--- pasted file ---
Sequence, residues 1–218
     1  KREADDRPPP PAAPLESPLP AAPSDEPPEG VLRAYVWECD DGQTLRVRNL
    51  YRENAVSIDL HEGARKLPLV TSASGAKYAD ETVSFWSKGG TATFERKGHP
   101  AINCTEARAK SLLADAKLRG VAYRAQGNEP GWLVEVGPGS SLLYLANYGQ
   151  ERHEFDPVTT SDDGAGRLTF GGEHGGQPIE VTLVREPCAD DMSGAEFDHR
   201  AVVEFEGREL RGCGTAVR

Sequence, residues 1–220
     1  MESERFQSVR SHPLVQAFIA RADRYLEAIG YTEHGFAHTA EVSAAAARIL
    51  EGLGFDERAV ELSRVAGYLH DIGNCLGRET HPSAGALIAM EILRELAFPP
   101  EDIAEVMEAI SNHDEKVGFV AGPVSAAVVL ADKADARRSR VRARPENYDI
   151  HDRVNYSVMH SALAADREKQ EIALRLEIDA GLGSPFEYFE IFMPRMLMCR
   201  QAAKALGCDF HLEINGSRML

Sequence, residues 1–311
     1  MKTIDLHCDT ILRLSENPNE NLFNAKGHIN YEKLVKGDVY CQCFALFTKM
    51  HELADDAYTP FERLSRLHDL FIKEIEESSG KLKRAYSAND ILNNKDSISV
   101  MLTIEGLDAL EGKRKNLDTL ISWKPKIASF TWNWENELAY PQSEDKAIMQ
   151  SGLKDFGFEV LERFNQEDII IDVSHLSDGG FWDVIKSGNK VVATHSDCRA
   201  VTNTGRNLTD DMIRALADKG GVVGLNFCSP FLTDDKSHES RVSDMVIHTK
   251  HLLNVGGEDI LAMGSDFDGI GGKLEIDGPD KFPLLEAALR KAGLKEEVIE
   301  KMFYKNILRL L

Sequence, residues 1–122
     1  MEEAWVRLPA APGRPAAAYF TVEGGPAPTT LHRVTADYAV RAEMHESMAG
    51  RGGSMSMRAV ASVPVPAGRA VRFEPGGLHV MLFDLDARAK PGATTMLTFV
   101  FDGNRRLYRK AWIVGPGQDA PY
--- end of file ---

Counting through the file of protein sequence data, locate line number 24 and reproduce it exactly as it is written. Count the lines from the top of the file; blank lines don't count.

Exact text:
   101  FDGNRRLYRK AWIVGPGQDA PY